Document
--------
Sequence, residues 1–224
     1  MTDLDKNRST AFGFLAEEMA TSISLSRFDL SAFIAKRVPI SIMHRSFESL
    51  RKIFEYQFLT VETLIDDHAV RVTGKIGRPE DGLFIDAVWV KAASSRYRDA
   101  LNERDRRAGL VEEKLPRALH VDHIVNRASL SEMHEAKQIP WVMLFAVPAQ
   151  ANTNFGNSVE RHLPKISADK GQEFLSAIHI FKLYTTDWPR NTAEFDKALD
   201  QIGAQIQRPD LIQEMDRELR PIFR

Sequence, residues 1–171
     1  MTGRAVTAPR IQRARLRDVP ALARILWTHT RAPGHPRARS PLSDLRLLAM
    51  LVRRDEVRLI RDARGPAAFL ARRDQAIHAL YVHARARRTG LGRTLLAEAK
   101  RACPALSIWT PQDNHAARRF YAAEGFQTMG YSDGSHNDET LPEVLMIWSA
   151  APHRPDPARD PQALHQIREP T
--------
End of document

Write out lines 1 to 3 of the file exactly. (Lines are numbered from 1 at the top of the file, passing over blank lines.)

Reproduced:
Sequence, residues 1–224
     1  MTDLDKNRST AFGFLAEEMA TSISLSRFDL SAFIAKRVPI SIMHRSFESL
    51  RKIFEYQFLT VETLIDDHAV RVTGKIGRPE DGLFIDAVWV KAASSRYRDA